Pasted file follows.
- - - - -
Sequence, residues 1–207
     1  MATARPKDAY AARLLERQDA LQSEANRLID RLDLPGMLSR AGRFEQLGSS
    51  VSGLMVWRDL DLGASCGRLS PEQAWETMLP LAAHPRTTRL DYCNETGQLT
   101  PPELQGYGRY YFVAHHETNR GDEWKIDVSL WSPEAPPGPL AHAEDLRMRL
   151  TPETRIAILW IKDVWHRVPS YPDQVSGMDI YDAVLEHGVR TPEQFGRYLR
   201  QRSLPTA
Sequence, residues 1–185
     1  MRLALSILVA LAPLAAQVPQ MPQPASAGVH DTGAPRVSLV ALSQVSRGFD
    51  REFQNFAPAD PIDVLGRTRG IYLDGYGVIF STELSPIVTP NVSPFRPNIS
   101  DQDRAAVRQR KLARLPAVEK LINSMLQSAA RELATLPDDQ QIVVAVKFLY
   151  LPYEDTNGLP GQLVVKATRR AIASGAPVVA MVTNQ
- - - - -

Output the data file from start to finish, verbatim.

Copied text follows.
Sequence, residues 1–207
     1  MATARPKDAY AARLLERQDA LQSEANRLID RLDLPGMLSR AGRFEQLGSS
    51  VSGLMVWRDL DLGASCGRLS PEQAWETMLP LAAHPRTTRL DYCNETGQLT
   101  PPELQGYGRY YFVAHHETNR GDEWKIDVSL WSPEAPPGPL AHAEDLRMRL
   151  TPETRIAILW IKDVWHRVPS YPDQVSGMDI YDAVLEHGVR TPEQFGRYLR
   201  QRSLPTA
Sequence, residues 1–185
     1  MRLALSILVA LAPLAAQVPQ MPQPASAGVH DTGAPRVSLV ALSQVSRGFD
    51  REFQNFAPAD PIDVLGRTRG IYLDGYGVIF STELSPIVTP NVSPFRPNIS
   101  DQDRAAVRQR KLARLPAVEK LINSMLQSAA RELATLPDDQ QIVVAVKFLY
   151  LPYEDTNGLP GQLVVKATRR AIASGAPVVA MVTNQ